This study at sea program is ideal for students with an interest in conservation policy and marine science. Students may choose a policy or science track, offering flexibility in project topics and transfer credit. We welcome students of all majors to apply.
|Homepage:||Click to visit|
|Program Sponsor:||SEA Semester|
|Restrictions:||URI applicants only|
|Fields of Studies:||Anthropology, Biology, Chemistry, Ecology, Engineering, Environmental Studies, Geology, History, Marine Science, Physics||Language of Instruction:||English|
|Experiential Learning:||ITR Field Study, URI Affiliated Program||Class Standing:||3. Junior, 4. Senior|
Who Should Apply?
Sail throughout the last coral wilderness on Earth in order to preserve its future. A joint effort with international collaborators, this study abroad at sea program invites students to explore the Phoenix Islands Protected Area (PIPA), a tropical ocean wilderness of diverse deep-ocean ecosystems dotted by eight spectacular coral islands. Students will conduct research that will assist in the ongoing development of an effective conservation plan for the region.
Beginning with a three-week shore component in Woods Hole, students use PIPA as a case study to develop their own research project in either ocean science or conservation policy. They then join the SSV Robert C. Seamans for a five-week research voyage throughout the archipelago, which includes an equatorial crossing.
Students will collect samples from the marine environment and visit the region's islands and pristine coral reefs. By providing real-time data, student projects will ultimately compose a picture of the state of the ocean for the benefit of the PIPA management office in Kiribati.
Academic Coursework & CreditSEA Semester Summer: Protecting the Phoenix Islands carries 11 semester hour credits from Boston University for successful completion of the program.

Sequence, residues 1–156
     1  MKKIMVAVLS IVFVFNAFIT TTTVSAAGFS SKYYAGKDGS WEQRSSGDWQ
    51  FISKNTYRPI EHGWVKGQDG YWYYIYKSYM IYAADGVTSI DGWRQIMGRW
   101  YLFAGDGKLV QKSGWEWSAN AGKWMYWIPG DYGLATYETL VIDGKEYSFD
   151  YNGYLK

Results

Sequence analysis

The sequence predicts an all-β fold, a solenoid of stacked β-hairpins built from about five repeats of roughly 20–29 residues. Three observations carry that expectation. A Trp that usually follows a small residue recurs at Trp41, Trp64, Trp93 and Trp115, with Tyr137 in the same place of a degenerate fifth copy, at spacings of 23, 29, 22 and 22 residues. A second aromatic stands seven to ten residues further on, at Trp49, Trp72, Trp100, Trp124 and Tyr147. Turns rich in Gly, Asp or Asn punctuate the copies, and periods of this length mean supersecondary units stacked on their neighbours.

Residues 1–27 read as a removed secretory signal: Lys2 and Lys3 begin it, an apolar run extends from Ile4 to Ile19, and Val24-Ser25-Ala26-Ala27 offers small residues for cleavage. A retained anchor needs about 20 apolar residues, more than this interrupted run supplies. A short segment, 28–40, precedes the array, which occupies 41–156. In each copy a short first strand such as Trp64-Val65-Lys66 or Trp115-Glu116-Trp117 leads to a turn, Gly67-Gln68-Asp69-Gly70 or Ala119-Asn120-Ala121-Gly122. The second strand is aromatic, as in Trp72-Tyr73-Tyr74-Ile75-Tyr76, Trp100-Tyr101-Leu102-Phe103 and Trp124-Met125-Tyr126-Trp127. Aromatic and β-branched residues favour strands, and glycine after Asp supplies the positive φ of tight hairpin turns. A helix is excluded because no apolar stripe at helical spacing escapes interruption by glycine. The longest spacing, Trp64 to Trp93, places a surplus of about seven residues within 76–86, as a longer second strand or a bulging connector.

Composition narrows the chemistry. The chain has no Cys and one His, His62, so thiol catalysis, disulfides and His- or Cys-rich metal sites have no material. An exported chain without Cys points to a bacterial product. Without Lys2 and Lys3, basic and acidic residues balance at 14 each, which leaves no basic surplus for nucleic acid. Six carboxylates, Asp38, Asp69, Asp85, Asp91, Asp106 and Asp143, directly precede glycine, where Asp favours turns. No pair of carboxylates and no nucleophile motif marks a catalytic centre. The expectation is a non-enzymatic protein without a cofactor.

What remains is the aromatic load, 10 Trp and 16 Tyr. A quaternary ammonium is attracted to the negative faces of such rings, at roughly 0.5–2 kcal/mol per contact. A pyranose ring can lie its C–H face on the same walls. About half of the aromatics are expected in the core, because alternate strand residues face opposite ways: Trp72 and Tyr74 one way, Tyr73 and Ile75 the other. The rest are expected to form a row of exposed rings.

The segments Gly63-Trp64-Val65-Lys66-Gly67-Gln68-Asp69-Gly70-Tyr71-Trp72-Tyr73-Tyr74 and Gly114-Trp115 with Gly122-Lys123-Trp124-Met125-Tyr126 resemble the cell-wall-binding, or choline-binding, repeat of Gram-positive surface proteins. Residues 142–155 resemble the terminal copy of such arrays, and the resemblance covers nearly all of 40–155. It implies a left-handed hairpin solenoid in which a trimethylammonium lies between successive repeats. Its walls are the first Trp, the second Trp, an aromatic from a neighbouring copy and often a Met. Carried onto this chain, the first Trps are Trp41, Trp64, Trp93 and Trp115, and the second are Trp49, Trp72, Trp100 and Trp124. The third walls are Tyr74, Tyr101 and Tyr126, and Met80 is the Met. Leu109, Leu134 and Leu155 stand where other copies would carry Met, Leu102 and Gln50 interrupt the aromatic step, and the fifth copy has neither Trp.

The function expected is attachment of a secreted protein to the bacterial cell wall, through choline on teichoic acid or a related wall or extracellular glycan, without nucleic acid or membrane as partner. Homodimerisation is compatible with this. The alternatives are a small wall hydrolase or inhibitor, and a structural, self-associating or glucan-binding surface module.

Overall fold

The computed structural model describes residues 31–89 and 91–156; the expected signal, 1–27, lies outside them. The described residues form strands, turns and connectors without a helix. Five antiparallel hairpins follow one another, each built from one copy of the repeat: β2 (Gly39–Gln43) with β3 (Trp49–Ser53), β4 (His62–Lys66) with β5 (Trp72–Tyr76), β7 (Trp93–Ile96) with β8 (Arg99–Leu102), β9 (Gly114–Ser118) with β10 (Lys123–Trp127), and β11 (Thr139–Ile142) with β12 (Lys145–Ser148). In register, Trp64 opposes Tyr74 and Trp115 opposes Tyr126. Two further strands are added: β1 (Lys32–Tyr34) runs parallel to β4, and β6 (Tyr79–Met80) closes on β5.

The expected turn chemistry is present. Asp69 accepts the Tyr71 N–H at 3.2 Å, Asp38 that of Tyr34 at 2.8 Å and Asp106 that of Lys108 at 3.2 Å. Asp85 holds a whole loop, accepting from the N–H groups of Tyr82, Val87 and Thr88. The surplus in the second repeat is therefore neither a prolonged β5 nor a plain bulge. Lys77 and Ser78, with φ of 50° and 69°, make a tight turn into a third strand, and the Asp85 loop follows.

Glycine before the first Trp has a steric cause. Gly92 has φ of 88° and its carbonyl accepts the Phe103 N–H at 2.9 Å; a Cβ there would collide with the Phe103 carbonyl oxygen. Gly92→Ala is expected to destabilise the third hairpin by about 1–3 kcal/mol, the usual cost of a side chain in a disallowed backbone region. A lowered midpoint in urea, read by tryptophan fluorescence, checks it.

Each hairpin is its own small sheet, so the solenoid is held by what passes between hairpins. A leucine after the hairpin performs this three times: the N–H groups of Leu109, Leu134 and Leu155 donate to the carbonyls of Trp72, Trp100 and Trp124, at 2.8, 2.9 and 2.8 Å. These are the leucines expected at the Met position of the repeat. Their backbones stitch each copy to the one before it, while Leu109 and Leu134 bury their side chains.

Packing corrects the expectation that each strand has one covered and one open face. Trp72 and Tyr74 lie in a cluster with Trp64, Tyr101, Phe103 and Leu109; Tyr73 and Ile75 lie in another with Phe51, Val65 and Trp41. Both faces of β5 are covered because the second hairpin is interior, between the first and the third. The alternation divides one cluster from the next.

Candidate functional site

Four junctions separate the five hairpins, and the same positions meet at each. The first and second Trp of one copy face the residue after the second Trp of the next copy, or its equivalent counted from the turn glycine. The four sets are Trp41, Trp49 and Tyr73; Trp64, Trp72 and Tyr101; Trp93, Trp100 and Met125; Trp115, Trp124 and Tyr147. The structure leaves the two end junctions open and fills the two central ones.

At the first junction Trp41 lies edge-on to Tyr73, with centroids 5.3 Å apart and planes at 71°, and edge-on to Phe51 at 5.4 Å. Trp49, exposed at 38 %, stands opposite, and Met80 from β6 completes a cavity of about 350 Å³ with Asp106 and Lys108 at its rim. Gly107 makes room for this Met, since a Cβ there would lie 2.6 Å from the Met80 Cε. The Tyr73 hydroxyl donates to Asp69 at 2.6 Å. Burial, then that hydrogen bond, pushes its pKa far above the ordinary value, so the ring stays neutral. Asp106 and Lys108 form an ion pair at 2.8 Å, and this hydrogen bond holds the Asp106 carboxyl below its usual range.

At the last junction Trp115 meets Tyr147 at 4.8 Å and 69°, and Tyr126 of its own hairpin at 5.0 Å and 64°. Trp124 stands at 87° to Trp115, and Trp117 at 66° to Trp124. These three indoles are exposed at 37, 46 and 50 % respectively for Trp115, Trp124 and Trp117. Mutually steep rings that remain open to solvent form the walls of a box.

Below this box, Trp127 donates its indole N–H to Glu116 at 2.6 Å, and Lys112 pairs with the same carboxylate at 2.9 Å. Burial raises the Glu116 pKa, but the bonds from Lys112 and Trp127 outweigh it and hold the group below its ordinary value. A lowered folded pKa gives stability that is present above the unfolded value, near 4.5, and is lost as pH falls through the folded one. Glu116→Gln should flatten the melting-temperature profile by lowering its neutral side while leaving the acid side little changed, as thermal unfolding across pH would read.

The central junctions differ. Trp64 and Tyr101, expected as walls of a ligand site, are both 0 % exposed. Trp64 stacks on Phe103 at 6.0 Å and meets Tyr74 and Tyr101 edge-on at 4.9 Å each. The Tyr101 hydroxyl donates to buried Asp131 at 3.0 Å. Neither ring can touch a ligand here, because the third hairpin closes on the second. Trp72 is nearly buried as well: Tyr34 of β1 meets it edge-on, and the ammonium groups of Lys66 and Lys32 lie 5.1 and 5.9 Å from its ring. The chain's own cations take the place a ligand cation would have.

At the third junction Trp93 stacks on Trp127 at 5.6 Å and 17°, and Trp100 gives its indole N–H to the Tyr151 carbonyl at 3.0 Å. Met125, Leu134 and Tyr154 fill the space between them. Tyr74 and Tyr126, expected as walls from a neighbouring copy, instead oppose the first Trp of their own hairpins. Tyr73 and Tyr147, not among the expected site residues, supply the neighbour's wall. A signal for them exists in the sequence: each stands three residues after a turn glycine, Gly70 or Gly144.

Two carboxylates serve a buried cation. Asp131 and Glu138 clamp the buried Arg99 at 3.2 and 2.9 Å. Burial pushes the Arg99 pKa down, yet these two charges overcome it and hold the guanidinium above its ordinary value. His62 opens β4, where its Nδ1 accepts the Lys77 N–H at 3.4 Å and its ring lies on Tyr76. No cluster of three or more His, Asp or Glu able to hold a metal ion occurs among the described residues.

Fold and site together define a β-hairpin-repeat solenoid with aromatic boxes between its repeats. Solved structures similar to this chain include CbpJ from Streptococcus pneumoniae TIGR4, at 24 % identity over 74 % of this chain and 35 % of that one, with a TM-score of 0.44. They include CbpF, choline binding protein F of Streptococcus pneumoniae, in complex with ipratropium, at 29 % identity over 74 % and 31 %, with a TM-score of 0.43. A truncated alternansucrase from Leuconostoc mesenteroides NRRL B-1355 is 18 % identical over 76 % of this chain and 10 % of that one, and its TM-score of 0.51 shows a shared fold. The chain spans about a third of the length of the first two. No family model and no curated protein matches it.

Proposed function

Toward a Sustainable Ocean: Conservation & Management (300-level, 3 credits)
Comparative and issue-driven introduction to managing human uses and conserving coastal and ocean places and resources. Explore concepts of technology, governance, sector and ecosystem management, and marine protected areas through expert content lectures, topical seminars, and field trips.
The Ocean & Global Change (300-level, 4 credits)
Ocean ecosystem change in the anthropocene: warming, acidification, fisheries depletion, and pollution. Review principles of circulation, seawater chemistry, nutrient dynamics, and biological production to understand causes and consequences of change. Conduct field measurements for contribution to time-series datasets.
Research Course Options (choose one):
Advanced policy research focusing on a topic of current importance (may include fisheries, biodiversity, marine spatial planning, and cultural heritage). Emphasis on theoretical concepts, research methods, and communication skills. Requires critical review paper, original research, final report and presentation.
-- OR --
Directed Oceanographic Research (300-level, 4 credits)
Prereq: Admission to SEA Semester. Three lab science courses (one at the 300-level or higher) or consent of instructor.
Design and conduct original oceanographic research. Collect data and analyze samples. Compile results in peer-reviewed manuscript format and share during oral or poster presentation session. Emphasis on development of research skills and written/oral communication abilities.
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